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Brooklyn leaders call for change following death of infant in borough shooting

Borough President Eric Adams holds a pair of infant shoes. (Photo by Ben Verde)

Local leaders and are demanding structural change to gun violence prevention efforts after a spray of bullets at a barbecue claimed the life of one-year-old Davell Gardner in Bedford-Stuyvesant and sent three men to the hospital on Sunday. 

The July 12 shooting is the latest tragedy to shake the borough as gun violence continues to spike this summer. On the same night, 11 shootings occurred across the city, including one in Crown Heights less than a mile away from where one-year-old Gardner was killed, where a 12-year-old boy shot in the leg while sitting on his stoop.

Borough President Eric Adams is offering a reward of $1,000 out of his personal funds for information leading to the arrest of those responsible for Gardner’s death. The violence interruption group My Brother’s Keeper is offering an additional $2,000 reward. 

At a press conference Monday, Adams called on the NYPD to prosecute gun violence perpetrators faster and work with local crisis management systems and clergy members to root out gun violence at the community level.

“Nine people shot and we haven’t made one arrest — why does it take this long?” he said. 

A baby stroller sits at the aftermath of the shooting on Sunday. (Photo by Lloyd Mitchell)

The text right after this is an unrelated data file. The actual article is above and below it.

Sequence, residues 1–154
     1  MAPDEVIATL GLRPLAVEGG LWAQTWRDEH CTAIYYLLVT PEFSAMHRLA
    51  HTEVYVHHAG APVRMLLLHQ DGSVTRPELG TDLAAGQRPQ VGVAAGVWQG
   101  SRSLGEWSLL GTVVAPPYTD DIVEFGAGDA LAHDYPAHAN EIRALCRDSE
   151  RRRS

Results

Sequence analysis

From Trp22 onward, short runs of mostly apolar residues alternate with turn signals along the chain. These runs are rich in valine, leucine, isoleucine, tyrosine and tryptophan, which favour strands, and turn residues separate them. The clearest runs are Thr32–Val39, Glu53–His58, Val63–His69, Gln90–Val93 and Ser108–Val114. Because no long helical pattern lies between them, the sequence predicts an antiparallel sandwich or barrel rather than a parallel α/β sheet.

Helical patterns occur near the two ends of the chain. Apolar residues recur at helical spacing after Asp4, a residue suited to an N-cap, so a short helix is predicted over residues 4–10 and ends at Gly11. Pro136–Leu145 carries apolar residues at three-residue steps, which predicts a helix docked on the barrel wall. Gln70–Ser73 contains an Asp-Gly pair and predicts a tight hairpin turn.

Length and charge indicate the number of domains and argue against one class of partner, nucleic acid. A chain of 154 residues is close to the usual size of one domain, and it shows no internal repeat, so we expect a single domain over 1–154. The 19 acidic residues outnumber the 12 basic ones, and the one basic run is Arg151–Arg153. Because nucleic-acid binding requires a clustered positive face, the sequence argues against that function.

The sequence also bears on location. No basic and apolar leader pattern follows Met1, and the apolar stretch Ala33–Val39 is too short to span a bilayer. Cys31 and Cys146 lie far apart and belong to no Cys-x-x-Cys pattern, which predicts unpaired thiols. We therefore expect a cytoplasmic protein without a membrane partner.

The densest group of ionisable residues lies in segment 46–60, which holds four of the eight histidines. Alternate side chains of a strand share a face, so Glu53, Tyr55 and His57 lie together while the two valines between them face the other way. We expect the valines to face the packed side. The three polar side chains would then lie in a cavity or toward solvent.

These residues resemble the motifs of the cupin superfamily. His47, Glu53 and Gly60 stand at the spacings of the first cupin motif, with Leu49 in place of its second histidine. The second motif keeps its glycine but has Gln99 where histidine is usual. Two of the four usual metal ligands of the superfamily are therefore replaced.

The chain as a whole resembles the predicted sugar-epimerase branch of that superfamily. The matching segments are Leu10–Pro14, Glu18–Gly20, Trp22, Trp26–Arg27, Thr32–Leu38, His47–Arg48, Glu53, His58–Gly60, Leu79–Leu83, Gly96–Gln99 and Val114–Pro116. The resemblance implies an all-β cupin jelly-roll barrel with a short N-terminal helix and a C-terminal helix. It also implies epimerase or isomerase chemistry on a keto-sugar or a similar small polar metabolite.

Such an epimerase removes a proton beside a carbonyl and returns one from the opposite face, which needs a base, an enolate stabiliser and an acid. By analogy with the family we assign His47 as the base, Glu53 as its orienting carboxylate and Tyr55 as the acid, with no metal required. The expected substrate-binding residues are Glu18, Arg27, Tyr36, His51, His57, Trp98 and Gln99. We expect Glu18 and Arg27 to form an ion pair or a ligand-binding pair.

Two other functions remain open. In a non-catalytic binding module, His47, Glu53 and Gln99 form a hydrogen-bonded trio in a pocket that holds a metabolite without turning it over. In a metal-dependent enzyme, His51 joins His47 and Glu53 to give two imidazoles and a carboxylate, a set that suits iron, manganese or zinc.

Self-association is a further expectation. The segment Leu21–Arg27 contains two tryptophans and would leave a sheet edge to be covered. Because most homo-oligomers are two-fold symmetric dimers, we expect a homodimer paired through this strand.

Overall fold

Adams also called out the Police Department over rumors of a “slowdown” in policing in response to police brutality protests. 

“I don’t want to hear a conversation about a slowdown in policing because your egos are hurt,” said Adams, a former NYPD officer. “I want the same level of attention and dedication because you are sworn to protect and serve this city, not to get in political issues.”

Public Advocate Juumane Williams agreed that law enforcement must play a direct role in stopping gun violence within in the communities they serve. 

“If you think law enforcement and police have no part to play, you are wrong,” Williams said. “They have a part to play and many of us are going to do our part to make sure that part is done with equity and justice.”

But law enforcement should not be the only agency that receives resources to end gun violence, said Williams, who joined a chorus of elected officials, violence interrupters, and clergy members on Monday afternoon just feet from where Davell Gardener was killed on Madison Avenue and Marcus Garvey Boulevard. Yellow markers of shell casings still stood behind police tape, and remnants of the barbecue that had been interrupted by gunfire were still intact. 

“If you are out here saying that the only thing that these communities need are police, or that the biggest thing that they need are police, that is also wrong,” Williams said. “The same people that you keep seeing asking for more police, I ask you to ask them this, are they asking for more resources for their hospital, are they asking for more resources for their schools, are they asking for healthy food around them, are they asking for things for their young people to do?”

Councilman Robert Cornegy, who serves the district where the shooting took place, also called on the city to pour more resources into neighborhoods dealing with gun violence surges.

“Until we begin to pour the resources in like they did in the ’20s when they realized that poverty was a public health issue … we’re not going to move forward,” he said. “So while we have one shooter, the reality is this country loaded the bullet.”

This story first appeared on brooklynpaper.com.

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